April 14, 2015
As is often the case in any sport (but especially hockey), a team’s leadership is called into question when they fail to reach expectations. After the Flyers’ disappointing season, Jake Voracek brought up the subject during exit interviews. Here’s Jake's quote, via the Inquirer’s Sam Carchidi:
"Kimmo was such a big presence in the locker room, leadership-wise," Voracek said. "Ever since I've been here, every time things didn't go well, we had a meeting about it. He always calmed things down. He would be hard on us as well sometimes, because as a team, we needed to get better. I think that's what we were missing."
Unless the lack of a steadying hand is blatantly obvious in a situation, I struggle to place a ton of value on leadership because it’s intangible. It’s difficult for me to proclaim the Flyers absolutely need something that can’t be measured, specifically because the media isn’t around for 90 percent of the team’s interactions. After all, I would probably think “The Sopranos” is a terrible show if I only watched the dream sequences.
Still, chemistry is important in hockey, maybe more so than any other of the three major sports.
When Voracek, whose voice holds a lot of weight simply because players that finish fifth in the league in points tend to be pretty important, says something, your ears tend to perk up. He is obviously someone who knows much more about the Flyers’ chemistry than anyone on the outside does.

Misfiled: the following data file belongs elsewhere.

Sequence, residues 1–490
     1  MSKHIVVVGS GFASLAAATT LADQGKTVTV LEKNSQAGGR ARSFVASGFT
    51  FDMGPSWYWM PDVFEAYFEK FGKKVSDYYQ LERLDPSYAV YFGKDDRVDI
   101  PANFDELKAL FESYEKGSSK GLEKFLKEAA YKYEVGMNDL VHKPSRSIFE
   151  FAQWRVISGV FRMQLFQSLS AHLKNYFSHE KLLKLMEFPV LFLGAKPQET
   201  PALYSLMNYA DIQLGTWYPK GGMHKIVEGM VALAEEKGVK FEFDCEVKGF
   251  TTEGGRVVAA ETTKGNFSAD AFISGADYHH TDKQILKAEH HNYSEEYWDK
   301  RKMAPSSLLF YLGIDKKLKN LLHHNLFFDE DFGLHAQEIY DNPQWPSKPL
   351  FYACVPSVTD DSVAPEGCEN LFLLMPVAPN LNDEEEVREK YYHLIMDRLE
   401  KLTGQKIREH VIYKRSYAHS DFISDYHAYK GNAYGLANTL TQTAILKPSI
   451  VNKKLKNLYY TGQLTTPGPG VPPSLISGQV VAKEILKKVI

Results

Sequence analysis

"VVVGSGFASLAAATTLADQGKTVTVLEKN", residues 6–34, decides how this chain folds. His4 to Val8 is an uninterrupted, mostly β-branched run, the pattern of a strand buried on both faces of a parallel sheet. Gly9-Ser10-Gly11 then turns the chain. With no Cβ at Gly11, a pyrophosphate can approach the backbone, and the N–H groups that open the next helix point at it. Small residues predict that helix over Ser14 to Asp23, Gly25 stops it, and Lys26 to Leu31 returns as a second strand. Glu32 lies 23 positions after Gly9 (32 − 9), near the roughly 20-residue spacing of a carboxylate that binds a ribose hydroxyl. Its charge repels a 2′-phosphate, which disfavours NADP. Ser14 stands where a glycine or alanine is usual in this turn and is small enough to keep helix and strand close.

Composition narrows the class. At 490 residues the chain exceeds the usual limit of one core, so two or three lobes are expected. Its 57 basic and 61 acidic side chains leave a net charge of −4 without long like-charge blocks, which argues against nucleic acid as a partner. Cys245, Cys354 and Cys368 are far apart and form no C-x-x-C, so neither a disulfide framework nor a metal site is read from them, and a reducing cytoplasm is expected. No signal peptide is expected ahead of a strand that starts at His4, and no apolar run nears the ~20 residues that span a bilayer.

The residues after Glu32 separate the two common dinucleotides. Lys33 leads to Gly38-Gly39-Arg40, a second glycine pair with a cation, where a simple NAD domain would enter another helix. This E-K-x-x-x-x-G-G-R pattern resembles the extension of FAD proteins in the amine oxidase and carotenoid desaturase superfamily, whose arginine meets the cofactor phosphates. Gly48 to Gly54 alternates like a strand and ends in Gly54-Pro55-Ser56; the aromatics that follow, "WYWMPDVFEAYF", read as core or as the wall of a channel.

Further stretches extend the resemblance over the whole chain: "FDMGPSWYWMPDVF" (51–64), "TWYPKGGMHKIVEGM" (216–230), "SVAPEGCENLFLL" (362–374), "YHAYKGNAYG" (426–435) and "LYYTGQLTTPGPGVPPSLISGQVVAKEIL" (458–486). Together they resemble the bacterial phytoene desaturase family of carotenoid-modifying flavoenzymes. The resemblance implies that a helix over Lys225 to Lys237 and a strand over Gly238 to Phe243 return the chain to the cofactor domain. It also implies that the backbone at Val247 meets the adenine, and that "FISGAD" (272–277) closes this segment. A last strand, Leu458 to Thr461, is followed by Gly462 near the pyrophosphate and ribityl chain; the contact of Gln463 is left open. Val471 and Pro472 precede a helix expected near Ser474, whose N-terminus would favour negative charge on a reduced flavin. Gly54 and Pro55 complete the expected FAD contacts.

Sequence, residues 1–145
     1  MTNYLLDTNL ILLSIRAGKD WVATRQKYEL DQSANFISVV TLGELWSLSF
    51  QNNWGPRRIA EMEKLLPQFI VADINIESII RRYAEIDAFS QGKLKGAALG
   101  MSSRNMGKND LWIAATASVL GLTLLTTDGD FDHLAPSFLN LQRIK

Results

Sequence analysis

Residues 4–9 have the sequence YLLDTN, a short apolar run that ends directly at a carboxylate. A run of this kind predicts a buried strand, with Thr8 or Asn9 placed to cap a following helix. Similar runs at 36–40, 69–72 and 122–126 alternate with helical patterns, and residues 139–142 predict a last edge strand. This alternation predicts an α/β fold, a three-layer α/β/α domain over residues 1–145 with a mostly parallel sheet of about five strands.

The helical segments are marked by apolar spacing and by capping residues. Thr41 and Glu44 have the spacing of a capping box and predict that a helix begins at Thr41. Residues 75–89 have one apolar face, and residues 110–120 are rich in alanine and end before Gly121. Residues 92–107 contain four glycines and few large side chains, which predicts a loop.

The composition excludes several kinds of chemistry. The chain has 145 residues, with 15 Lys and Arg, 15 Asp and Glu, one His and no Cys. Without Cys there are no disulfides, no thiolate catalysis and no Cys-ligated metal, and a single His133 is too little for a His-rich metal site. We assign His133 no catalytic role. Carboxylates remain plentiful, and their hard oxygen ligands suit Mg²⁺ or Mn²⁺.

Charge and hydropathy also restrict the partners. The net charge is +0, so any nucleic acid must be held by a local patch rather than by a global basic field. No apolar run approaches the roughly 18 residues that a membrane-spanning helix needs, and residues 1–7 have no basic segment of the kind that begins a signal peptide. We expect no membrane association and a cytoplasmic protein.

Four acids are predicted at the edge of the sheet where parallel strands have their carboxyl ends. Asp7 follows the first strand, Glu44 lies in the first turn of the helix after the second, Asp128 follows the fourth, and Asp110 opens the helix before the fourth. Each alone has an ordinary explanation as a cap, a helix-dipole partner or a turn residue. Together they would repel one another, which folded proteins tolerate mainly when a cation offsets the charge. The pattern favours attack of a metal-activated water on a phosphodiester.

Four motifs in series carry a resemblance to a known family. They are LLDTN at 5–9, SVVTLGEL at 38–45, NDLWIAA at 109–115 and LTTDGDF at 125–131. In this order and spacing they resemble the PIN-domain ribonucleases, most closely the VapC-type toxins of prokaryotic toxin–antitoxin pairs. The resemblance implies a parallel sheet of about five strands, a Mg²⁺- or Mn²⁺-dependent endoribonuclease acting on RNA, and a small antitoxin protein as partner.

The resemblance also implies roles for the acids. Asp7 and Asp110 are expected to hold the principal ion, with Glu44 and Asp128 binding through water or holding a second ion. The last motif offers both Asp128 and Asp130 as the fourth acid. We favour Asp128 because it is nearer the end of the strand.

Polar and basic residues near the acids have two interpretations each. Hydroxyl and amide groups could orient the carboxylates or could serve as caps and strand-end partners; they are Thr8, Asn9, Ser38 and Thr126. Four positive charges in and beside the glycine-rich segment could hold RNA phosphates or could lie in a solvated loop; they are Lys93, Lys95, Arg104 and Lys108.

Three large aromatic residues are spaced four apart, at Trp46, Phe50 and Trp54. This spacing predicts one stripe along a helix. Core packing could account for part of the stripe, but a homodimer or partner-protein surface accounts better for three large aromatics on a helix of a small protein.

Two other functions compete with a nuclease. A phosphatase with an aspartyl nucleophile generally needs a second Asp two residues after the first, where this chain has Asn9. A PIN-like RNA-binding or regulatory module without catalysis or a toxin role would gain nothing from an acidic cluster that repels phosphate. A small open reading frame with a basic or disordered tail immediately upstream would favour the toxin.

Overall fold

Voracek mentioned Kimmo Timonen, who along with Chris Pronger is the major name often brought up when a current leadership void is suggested. Timonen was widely considered the team’s leader for the last few seasons, but he also doubled as an awesome two-way defenseman. Pronger will shortly be in the Hall of Fame.
If we’re being honest, these discussions often boil down to talent versus leadership. Again, I tend to look at the Flyers’ major problem as a talent-based one because it’s much easier to tell that they missed Timonen on the ice against opponents’ top lines than in the locker room after the team only managed one point in four games. That certainly doesn’t mean the team is lacking in both areas, though.
Ron Hextall talked about leadership in-depth during a video interview posted on the team’s website yesterday (3:00 mark):
“[Acquiring players in the offseason with character] will be a priority, but again, I also believe it’s in our room,” Hextall said. “To give you an example of leadership this year that kind of came to another level was Jake Voracek. Jake, there was no game or practice where I think any of us looked and said, ‘He didn’t give everything he had,’ and that’s huge. He’s one of your top players.”
Hextall also singled out Wayne Simmonds as a player whose leadership qualities improved this season. By the same token, I don’t pretend to know if that’s also true.
But if I had to guess? Once Hextall is able to upgrade the team’s overall talent level, most of the leadership issues will go away pretty fast.